Expecting the unexpected: Four potential shocks in the Middle East and South Asia in 2017

An aerial view of a flooded village on the outskirts of Allahabad, India, August 24, 2016. REUTERS/Jitendra Prakash TPX IMAGES OF THE DAY - RTX2MUFV

In 2016, Syrian President Bashar Assad took back Aleppo, Turkey experienced its bloodiest coup attempt, and then Ankara aligned with Moscow on Syria—every year we witness surprises or shocks that can transform countries, regions, and even global dynamics. Sometimes these events appear small, but recall 2011, which showed how a seemingly local event of a fruit vendor setting himself on fire could cascade and eventually disrupt sizeable portions of the world. With the beginning of a new year, it is important to explore plausible if not probable events that could be on the horizon, particularly for the tumultuous Middle East and South Asia where societies remain extremely fragile and susceptible to sudden changes.

Several types of surprising events could change the political landscape within and between countries in these regions in the coming year. Predicting future shocks is almost impossible, but imagining the types of events and potential examples helps identify vulnerabilities, explore the consequences, and consider opportunities to respond and mitigate the situation.

1. Loss of regional stalwarts

The sudden departure of a status quo leader could dislodge a key pillar of stability and offer inspiration to would-be challengers. On the other hand, the removal of central opposition figures would be a wild card, offering an opportunity to broker a truce but running the risk of violent retaliation from followers.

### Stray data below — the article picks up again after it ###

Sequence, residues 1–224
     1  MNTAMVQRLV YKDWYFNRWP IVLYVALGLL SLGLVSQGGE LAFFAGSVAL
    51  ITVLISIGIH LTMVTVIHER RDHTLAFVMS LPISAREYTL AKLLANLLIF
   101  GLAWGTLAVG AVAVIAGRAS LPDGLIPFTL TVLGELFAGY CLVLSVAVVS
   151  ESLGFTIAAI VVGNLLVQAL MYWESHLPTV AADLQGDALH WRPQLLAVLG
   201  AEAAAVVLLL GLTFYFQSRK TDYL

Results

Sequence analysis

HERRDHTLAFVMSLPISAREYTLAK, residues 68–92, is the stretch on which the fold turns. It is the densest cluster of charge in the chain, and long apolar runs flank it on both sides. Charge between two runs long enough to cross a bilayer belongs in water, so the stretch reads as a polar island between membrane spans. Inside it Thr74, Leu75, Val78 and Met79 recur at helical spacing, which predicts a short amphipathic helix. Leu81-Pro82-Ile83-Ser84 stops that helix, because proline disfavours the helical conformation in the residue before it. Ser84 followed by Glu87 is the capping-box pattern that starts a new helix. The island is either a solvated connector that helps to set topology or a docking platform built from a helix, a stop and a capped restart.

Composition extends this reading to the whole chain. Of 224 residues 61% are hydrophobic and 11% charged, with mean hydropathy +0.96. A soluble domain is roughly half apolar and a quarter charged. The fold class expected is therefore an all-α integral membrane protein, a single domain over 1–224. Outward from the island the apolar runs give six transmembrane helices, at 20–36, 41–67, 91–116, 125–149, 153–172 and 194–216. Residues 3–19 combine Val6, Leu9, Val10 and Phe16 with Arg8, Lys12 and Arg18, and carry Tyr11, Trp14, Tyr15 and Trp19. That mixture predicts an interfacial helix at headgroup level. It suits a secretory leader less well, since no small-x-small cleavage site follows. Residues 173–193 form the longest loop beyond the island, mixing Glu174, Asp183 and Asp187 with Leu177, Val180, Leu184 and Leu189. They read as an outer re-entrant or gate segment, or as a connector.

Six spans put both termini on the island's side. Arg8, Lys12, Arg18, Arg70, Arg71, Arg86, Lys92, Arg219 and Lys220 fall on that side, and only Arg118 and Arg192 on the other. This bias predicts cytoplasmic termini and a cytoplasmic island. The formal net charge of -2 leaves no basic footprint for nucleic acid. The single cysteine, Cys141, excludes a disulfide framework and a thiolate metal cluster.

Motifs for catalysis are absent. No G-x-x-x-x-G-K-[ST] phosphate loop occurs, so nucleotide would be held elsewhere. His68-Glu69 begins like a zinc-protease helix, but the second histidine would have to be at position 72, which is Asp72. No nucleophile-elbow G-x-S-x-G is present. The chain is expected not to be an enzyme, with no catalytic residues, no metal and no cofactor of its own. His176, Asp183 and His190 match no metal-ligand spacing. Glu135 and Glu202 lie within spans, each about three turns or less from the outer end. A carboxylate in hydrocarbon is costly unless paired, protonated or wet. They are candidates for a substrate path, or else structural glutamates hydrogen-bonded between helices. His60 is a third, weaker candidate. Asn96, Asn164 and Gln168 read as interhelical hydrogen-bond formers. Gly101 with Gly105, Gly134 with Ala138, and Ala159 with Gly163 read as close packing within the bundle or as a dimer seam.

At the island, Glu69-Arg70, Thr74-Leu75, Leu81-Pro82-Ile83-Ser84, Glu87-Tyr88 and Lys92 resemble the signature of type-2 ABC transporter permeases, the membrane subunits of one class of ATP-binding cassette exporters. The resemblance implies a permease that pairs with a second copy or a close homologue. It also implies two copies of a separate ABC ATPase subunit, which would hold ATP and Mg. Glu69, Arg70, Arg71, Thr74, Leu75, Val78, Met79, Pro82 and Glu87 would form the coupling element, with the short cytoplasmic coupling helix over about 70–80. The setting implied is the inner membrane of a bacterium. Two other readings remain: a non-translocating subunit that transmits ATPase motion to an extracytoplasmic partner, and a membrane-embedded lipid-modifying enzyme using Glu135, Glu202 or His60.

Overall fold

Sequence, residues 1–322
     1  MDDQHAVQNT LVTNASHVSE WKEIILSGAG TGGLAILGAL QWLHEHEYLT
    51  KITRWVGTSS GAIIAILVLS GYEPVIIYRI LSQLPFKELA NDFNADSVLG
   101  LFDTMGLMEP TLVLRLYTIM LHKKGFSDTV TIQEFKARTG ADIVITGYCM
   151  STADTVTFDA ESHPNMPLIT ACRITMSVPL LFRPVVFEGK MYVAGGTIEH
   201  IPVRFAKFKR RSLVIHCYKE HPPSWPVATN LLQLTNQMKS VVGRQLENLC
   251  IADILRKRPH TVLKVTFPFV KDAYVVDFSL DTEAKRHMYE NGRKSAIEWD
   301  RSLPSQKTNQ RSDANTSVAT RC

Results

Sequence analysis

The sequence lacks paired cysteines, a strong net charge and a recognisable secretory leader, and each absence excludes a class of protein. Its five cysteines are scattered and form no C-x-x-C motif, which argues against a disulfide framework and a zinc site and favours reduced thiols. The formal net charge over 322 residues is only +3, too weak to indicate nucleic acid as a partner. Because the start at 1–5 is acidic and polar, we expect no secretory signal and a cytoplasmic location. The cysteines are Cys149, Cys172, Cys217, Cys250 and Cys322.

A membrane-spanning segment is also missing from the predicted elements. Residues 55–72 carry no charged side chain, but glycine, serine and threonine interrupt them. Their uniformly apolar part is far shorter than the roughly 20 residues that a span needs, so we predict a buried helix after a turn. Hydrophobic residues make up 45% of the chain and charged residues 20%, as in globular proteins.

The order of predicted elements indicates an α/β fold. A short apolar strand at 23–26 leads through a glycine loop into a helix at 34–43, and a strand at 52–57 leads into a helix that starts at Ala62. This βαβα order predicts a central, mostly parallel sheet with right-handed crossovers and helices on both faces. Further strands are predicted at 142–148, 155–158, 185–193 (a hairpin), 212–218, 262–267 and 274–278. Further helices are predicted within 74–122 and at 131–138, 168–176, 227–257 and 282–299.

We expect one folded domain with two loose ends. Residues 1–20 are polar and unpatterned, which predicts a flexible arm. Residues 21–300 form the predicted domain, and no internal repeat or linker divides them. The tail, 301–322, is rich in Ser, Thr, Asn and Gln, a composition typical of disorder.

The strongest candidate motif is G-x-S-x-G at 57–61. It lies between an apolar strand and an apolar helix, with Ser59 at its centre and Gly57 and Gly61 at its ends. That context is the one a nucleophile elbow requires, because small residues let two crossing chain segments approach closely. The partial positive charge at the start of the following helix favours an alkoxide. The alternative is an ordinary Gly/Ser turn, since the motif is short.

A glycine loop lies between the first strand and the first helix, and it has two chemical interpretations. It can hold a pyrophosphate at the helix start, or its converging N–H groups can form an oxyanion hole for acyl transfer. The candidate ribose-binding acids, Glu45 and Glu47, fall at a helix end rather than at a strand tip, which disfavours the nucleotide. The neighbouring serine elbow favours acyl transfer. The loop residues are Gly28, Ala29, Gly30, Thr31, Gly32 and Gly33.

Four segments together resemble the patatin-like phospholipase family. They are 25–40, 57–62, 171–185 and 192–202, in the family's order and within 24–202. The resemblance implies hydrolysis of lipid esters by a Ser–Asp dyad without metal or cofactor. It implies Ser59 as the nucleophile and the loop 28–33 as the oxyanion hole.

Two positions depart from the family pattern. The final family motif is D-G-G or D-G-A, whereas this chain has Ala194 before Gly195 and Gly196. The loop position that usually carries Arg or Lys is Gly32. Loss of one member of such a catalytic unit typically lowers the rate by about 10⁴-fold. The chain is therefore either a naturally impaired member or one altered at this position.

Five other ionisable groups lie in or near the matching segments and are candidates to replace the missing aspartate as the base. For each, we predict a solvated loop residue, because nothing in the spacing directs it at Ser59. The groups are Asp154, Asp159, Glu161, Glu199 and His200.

• In the Middle East, the death of longstanding leaders—under natural or suspicious circumstances—could prompt regime infighting, widespread violence, and possibly an extended power vacuum. Although octogenarian Palestinian leader Mahmoud Abbas solidified his position at last year’s Fatah conference, he failed to restore party unity, name a deputy, or bring in younger voices in preparation for succession. Jordanian King Abdullah, although relatively young, leads a country under intense strain from sluggish economic growth, unprecedented numbers of Syrian refugees, and attacks from ISIS. Any successor to Iranian Supreme Leader Khamenei—in his late 70s and with health issues—would have to balance competing agendas and power centers. The death of Islamic State leader Abu Bakr al Baghdadi or Hezbollah Secretary General Hassan Nasrallah could prompt followers to lash out in multiple ways and locations—just as the killing of the former Hezbollah leader Abbas al-Mousawi provoked retaliation in Buenos Aires in 1992.
  • In South Asia, the loss of leaders in Afghanistan, India, Bangladesh, or Pakistan would probably hinder progress on multiple fronts: economic or democratic reforms, media freedom and religious protections, nuclear discussions, and counterterrorism efforts, to mention a few. In Pakistan specifically, the disruption of the delicate civil-military leadership balance could result in a loss of central control and push Pakistan ever closer to the looming brink. In Bangladesh, the departure of the two women who have largely alternated ruling since the country’s independence in 1971 would create a vacuum that could destabilize the country. This might even force a reluctant Bangladeshi Army to take power as a last measure to avoid complete chaos. India’s Prime Minister remains a prime target of terrorists and other extremists, and his nascent efforts to improve relations with Pakistan would almost certainly be damaged beyond repair. Finally, the loss of the Dalai Lama, in exile in India since 1959, would most likely increase China-India tension over Tibet.

2. Climate game changers

These regions are highly susceptible to changing climate conditions. Rising temperatures, protracted droughts, destructive storms, and floods have produced short and long-term political, economic, and diplomatic repercussions. A severe drought, worsened by a warming climate, drove Syrian farmers to abandon their crops and flock to cities, helping trigger the ongoing civil war. Likewise, in South Asia, devastating cyclones and major earthquakes have overwhelmed government response capabilities, requiring significant Western disaster relief and humanitarian aid.